Storage Allocation in Block Structured Language


Storage Allocation in Block Structured Language

Storage Allocation in Block Structured Language is the easiest topic in computer science, In this article, you will learn easily Storage Allocation in Block Structured Language.

Storage Allocation in Block Structured Language
Storage Allocation in Block Structured Language

Storage allocation in Compiler Design

The different ways to allocate memory are:

  • Static storage allocation
  • Stack storage allocation
  • Heap storage allocation

Static storage allocation

  • Names are attached to storage locations in static allocation.
  • If memory is created at compile time, it will be created only once in the static field.
  • The dynamic data structure is supported by static allocation, which means memory is allocated only at compile time and released after the programme is finished.The disadvantage of static storage allocation is that data object size and place must be known at compile time.Another disadvantage is the recursion procedure’s limitation.

Stack Storage Allocation

  • Storage is structured as a stack of static storage allocation.
  • When activation starts, an activation record is placed into the stack, and when it ends, it is popped.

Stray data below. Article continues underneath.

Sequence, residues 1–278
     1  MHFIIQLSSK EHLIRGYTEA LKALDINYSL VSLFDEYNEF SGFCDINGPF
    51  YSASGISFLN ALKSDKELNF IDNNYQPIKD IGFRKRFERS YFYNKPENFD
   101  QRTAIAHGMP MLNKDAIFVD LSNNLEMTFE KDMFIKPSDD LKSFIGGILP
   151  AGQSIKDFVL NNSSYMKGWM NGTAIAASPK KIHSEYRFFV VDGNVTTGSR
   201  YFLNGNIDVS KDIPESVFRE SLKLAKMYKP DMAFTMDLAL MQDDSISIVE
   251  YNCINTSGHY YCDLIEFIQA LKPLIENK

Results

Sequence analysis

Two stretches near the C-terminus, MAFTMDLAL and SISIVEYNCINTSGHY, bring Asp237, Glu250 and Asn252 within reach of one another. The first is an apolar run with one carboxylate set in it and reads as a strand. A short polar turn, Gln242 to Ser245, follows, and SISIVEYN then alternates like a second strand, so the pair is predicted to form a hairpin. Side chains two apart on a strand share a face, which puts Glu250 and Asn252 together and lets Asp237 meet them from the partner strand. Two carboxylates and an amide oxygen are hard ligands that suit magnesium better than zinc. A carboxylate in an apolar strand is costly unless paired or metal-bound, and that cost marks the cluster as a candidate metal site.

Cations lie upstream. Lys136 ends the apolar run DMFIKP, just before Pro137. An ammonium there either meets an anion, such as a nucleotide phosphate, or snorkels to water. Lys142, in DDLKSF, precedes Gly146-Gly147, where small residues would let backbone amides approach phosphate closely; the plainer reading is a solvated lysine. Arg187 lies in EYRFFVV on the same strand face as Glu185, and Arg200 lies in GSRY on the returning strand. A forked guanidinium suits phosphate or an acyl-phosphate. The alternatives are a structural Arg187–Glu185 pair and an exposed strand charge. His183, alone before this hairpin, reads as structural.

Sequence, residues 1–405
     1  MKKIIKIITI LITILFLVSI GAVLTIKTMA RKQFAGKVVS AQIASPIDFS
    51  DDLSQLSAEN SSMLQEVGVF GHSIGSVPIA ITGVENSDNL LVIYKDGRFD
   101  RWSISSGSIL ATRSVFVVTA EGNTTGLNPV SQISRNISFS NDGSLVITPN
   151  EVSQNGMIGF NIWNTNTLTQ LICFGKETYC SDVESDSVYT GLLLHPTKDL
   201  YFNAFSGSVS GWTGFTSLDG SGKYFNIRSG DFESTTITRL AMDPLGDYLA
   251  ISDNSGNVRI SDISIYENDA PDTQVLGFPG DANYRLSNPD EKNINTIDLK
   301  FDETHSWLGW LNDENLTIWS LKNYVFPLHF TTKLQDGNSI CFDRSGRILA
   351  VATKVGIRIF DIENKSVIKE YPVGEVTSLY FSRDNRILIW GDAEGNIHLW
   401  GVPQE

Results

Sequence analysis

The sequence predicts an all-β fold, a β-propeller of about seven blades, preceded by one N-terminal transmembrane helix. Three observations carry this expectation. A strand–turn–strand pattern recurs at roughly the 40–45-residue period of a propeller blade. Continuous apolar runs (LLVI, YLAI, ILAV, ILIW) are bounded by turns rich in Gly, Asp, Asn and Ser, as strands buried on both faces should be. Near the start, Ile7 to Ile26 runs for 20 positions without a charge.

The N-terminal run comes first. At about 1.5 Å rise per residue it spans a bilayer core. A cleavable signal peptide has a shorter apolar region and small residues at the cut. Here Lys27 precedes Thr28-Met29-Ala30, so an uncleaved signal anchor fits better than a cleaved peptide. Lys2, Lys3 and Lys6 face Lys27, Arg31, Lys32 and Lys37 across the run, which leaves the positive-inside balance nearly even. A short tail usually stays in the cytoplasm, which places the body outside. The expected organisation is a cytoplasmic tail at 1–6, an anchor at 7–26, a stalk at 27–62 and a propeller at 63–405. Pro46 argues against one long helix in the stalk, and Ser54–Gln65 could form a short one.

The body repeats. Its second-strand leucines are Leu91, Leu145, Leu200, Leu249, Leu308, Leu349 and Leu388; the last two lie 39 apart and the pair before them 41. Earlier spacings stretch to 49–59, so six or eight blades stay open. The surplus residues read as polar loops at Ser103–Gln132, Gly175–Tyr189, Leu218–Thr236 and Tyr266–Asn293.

• Locals are tied to fresh storage in each activation record since they are included in the activation record. When the activation is over, the value of locals is removed.
  • It operates on the last-in-first-out (LIFO) principle, and this allocation facilitates the recursion mechanism.

Heap Storage Allocation

  • The most versatile allocation scheme is heap allocation.
  • Memory allocation and deallocation can occur at any time and in any place, depending on the needs of the user.
  • Heap allocation is a technique for dynamically allocating memory to variables and then claiming it back when the variables are no longer in use.
  • The recursion mechanism is aided by heap storage allocation.


fact (int n)  
   if (n<=1)  
       return 1;  
       return (n * fact(n-1));  
fact (6)  

Storage Allocation


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